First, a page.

The "La Zahurda" estate is named after the small village where it is located. It is in the municipality of Comares, in the province of Malaga. More than 700 metres above sea level, it has beautiful landscapes and is regarded as the "Balcony of the Axarquia". A place full of ravines and hamlets with marvelous views of the sea and the mountains. The estate is located close to the village and there are fields of crops all around. It is a small farm where we work together and help each other with harvesting, weeding, and pruning. We do occasionally need to hire workers to carry out these tasks though. Besides its location, the most special thing about our cultivation is the traditional methods and the care that we use to achieve the highest quality of our product.
The farm is family-run, it covers about 5 hectares, and is agriculturally diverse. There are several traditional crops such as olive trees, almond trees, grapevines, prickly pears, citrus, and tropical crops such as avocados and mangoes. Prickly pears have been planted in the less fertile areas in order to have an alternative crop growing where others would not so easily adapt. For the first two years of our plantation's life, watering was done daily using drip irrigation systems to aid plant growth, now watering should be moderate, only once or twice a week.
The main economic activity in my area is agriculture, and although there have always been rain-fed crops (olive trees, almond trees, etc.), in recent years the cultivation of subtropical crops has increased due to the favourable climate. It is important to revive the cultivation of the prickly pear in the region, which first began to appear in Andalusia in the 16th century and is currently in decline in our area due to a small insect called the "Cochinilla del Carmín". I remember how most of the places that were once occupied by this crop are now empty, with dry and deteriorated stems. Being able to manage this rescue project and thereby prevent the destruction of this crop is something that fills me with satisfaction and motivation to continue fighting for the conservation of our agro-ecosystem.
Our small farm was bought by my grandfather, Eduardo, more than 40 years ago. Today it belongs to my father and his siblings (Miguel, Ana, Pepa, and Antonio). From an early age my grandfather together with my father and uncles worked on the farm as a means of subsistence. As well as cultivating olive, almond and carob trees, they also had a small barn where they raised cows and pigs. Years later my parents built a greenhouse, where they grew vegetables, and today we grow mangoes and other exotic crops such as pitaya. I have always been passionate about agriculture, ever since I was a child. This is why a few years ago I convinced my father to introduce a new organic crop to an otherwise unproductive area of the farm. My father put all his faith in me and his support helped to get this project off the ground.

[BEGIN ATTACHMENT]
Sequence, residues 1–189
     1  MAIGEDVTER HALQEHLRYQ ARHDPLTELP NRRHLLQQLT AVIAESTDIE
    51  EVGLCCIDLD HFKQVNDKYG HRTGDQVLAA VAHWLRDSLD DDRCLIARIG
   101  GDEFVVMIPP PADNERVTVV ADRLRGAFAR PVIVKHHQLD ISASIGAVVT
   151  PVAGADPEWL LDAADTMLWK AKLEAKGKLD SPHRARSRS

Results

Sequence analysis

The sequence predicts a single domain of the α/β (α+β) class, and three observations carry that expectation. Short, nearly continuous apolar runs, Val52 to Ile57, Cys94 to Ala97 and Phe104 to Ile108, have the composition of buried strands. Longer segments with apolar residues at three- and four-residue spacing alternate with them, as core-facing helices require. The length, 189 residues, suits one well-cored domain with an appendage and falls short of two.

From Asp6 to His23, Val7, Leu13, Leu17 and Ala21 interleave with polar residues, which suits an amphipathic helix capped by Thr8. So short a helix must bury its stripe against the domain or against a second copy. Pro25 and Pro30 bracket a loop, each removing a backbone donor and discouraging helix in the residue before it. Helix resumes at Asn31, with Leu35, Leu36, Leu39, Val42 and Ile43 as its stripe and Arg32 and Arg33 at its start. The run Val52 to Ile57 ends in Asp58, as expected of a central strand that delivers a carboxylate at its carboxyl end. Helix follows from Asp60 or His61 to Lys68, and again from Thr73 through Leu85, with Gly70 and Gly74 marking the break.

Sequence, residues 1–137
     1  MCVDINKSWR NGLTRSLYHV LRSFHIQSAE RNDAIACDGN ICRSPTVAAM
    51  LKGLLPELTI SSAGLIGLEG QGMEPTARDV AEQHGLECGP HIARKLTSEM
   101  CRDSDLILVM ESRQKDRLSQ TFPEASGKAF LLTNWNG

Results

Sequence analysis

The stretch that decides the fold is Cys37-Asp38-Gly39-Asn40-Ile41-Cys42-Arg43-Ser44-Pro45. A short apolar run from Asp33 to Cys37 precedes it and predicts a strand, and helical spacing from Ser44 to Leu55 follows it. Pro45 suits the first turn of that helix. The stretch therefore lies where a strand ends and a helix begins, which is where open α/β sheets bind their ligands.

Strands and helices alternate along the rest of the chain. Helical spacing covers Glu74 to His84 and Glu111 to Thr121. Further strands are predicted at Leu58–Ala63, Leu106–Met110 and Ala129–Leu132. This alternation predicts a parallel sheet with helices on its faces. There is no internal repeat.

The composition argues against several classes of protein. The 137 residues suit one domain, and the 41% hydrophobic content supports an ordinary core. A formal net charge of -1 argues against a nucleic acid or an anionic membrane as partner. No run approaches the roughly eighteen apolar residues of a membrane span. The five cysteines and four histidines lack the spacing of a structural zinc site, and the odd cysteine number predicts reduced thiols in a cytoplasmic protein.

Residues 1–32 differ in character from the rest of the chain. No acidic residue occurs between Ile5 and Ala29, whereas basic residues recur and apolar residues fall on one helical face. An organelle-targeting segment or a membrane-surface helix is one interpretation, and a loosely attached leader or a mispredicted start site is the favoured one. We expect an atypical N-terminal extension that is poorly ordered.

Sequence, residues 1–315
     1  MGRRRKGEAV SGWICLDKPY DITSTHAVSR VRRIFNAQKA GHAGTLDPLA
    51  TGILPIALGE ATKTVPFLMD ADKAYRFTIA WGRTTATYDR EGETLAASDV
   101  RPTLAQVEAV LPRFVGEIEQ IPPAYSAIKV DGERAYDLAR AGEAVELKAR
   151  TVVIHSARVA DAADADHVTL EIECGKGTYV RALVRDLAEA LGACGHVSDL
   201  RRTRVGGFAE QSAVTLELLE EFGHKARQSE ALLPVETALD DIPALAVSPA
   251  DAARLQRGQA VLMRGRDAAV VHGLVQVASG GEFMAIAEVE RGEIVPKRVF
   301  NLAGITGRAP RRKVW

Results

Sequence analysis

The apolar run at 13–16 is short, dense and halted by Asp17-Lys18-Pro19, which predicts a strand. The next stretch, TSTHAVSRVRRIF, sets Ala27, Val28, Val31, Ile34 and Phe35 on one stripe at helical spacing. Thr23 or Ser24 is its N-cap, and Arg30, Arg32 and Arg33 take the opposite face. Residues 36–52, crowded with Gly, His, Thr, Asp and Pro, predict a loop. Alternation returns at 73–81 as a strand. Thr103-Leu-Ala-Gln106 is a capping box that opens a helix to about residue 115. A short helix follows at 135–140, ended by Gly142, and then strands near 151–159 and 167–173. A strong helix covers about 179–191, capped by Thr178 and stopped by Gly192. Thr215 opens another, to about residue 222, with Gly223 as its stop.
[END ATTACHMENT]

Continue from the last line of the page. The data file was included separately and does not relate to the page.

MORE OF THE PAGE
Our farm has its own well, and we store water in a pool and in tanks to be able to efficiently irrigate our crops using drip irrigation systems. We are exploring the possibility of harvesting rainwater, the creation of a small pond, and the use of technological advances to help us increase the accumulation of water.
The prickly pear cactus has a great capacity to retain water, it is a rain-fed crop that can grow even without any artificial irrigation. On our farm we irrigate one or two times a week, always ensuring that water does not accumulate in the soil, as this can cause the prickly pear cactus to die.
For the last 10 years we have been using organic farming methods on a large part of our farm. We are committed to sustainable agriculture, avoiding the use of synthetic herbicides, pesticides, and chemical products. We control pests with natural methods such as potassium soap for cochineal, or pheromone traps for fruit flies. The grass clippings are left on the ground as this keeps the moisture in better and reduces pest attacks.
We try to repurpose the prickly pear shoots that we cut and use them as cuttings. The prickly pear reproduces very easily, it is enough to place a cutting in the ground and put some soil on it so that it produces roots. At the farm we take care of biodiversity by letting the weeds grow, which we then remove by mechanical means to avoid damaging the soil and the prickly pear shoots, and we also leave some areas of the farm uncultivated to encourage and protect the natural fauna.
Thanks to the way we manage our farm it is very easy to find chameleons, hares, birds, insects, and mountain goats running or flying around. Seeing the great diversity of species that can be found on our farm is simply marvelous.
The project is actively managed by my father and myself, although at certain times we have the help of other family members. I have always worked with my father, we make a good team and being able to start this project with him is something that fills me with enthusiasm.
To avoid waste, we use all the fruit that is of inferior quality which we cannot sell, either for our own consumption or to give to our family and friends as a gift. We also make jam, ice cream, and delicious milkshakes.